MicrograinExtra fine grain grades for finishing cutsK05, K10

Higher class letters or numbers denote harder, more wear resistant binds best suited to very abrasive materials like concrete and stone.

Choose hardness rating carefully – hard tips last longer in tough materials but are more prone to cracking in highly interrupted cuts.

cemented carbide saw tips Standards

Tungsten carbide grades must meet strict quality standards for reliable performance. Relevant standards include:

ISO 513International Organization for StandardizationClassifies carbide by composition and application
ASTM B766ASTM InternationalStandard specification for cemented carbides
US Federal Specification GG-T-650cGeneral Services AdministrationGrades carbides by transverse rupture strength

Reputable carbide tipped blade manufacturers test blades to quality standards and certify them RoHS Compliant for safety.

Insist on products meeting national and international cement carbide standards for assured performance.

cemented carbide saw tips Cost Analysis

SizeTypeCost Per BladeCost Per Cut
  • Cost per full-size carbide tipped blade ranges widely from $15 for smaller handheld versions up to $200+ for large industrial stationary blades
  • But cost per cut is very low at $0.02 – $0.10 thanks to long life
  • Last 5-10 times longer than abrasive blades
  • Payback period comes quick then delivers productivity

Advantages of carbide blades:

  • Upfront cost per blade higher than competing options
  • But last for thousands of cuts so cost per cut is quite low
  • Increased productivity over life of blade
  • Time savings from faster cut speeds


  • Require brazing carbide inserts which increases manufacturing complexity
  • Brittle carbide tips can crack if blade core body isn’t properly designed
  • Not designed for completely interrupted cuts

Overall carbide tipped blades deliver huge performance-per-dollar benefits thanks to durablecomposition and precision manufacturing.

Comparisons to Alternative Blade Types

Carbide Recommendation

With outstanding durability and well-rounded capabilities that diamond and abrasives can’t match – carbide tipped blades are the best choice for efficient processing of extremely hard materials like concrete, stone and steel.

cemented carbide saw tips
Drill bits used for cutting sit on a table at the 3rd Maintenance Squadron metals fabrication shop on Joint Base Elmendorf-Richardson, Alaska, Jan. 27, 2017. Original public domain image from Flickr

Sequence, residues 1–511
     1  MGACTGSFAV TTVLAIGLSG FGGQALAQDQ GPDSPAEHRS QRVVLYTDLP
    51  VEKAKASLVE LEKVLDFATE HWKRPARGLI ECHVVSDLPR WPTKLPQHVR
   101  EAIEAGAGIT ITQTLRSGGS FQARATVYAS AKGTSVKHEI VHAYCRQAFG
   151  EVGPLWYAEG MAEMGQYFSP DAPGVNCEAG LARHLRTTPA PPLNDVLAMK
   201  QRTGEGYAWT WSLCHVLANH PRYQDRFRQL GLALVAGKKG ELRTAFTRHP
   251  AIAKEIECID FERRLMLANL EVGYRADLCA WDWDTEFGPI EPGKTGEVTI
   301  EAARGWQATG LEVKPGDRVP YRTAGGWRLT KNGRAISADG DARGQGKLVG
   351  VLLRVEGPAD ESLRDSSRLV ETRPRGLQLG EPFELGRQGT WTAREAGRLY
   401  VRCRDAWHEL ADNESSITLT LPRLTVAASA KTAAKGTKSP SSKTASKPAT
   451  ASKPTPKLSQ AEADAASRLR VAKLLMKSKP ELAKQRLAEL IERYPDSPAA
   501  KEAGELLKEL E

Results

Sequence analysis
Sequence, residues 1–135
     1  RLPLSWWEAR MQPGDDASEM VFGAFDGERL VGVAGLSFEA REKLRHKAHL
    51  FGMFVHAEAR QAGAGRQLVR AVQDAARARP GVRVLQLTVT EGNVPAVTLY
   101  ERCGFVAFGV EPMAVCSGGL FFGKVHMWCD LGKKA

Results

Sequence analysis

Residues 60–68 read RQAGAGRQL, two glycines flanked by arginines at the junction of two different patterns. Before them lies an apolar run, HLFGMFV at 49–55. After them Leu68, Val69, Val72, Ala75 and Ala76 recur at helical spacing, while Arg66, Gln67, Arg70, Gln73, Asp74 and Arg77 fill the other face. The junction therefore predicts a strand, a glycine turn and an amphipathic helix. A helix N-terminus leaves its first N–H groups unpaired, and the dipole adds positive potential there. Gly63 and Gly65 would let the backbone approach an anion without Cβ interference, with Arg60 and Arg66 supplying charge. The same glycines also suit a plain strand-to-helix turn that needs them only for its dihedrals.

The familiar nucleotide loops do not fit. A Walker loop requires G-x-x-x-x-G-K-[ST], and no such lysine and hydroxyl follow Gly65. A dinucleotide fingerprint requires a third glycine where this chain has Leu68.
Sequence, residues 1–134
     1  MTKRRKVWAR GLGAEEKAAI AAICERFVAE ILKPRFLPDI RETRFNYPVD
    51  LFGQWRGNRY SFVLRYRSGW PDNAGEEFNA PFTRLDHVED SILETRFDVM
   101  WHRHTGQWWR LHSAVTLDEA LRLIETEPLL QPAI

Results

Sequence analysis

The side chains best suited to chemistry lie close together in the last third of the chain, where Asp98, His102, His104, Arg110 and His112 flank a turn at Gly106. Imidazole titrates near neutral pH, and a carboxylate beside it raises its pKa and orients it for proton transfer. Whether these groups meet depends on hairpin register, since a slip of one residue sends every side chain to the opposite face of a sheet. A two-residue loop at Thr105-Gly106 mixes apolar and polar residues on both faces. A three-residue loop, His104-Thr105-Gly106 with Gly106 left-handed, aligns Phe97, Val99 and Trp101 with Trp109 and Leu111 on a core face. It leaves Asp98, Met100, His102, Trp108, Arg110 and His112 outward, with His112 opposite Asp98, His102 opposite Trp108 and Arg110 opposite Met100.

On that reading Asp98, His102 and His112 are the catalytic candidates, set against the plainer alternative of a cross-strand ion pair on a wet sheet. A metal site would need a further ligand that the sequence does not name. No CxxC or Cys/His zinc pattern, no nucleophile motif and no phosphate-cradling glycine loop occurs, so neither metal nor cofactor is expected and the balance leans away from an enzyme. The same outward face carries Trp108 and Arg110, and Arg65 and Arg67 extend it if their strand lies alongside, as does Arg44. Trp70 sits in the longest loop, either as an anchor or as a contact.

Suppliers and Manufacturers

Top suppliers of carbide tipped saw blades include:

IrwinNew Zealandirwin.com
M.K. MorseUSAmkmorse.com

When selecting blades, look for indications of quality like:

  • Grade of carbide inserts used
  • Uniformity of brazing
  • Carbide thickness/integrity
  • Tooth geometry optimized for application
  • R&D support and testing data
  • Industry certifications
  • Manufacturer specialization


Q: Why are carbide tipped blades so expensive?

A: Manufacturing carbide inserts and brazing them onto saw bodies requires advanced powder metallurgy techniques. The raw tungsten ore inputs are also expensive. But carbide blades last far longer than cheaper abrasive blades, paying back their price many times over.

Q: Can I sharpen carbide tipped blades?

A: No, attempting to sharpen them will damage the brazed-on inserts. However, carbide tips stay sharp for thousands of cuts if used properly, obviating the need for sharpening.

Q: What are some tips for prolonging carbide blade life?

A: Letting blades overload or overheat is the most common cause of premature wear or breakage. Ensure proper feed rates, cut depths, saw horsepower, blade rpm and cooling. Also periodically inspect teeth for cracks.

Q: Why did my carbide blade crack during use?

A: Carbide blades rely on the shock-absorbing steel core to withstand impact. Cracks happen if this steel body is too thin or hard. Manufacturing defects and improper use can also be causes. Quality control by reputable brands minimizes defects.

Q: Can I use carbide blades on any saw?

A: While carbide blades fit many saw types, very high speed can cause braze failure. Ensure your saw’s max RPM rating exceeds the blade RPM rating for safe operation. Lower power saws may also struggle to feed carbide blades fast enough.


With outstanding wear resistance, hardness and longevity that other blade types can’t match – cemented carbide tipped saws are the ultimate solution for working efficiently in extremely demanding materials like stone, concrete and steel.

Their exceptional sharpness retention and smooth cutting action facilitate productivity across a wide range of construction and fabrication jobs where downtime for blade changes is costly.

know more Tungsten carbide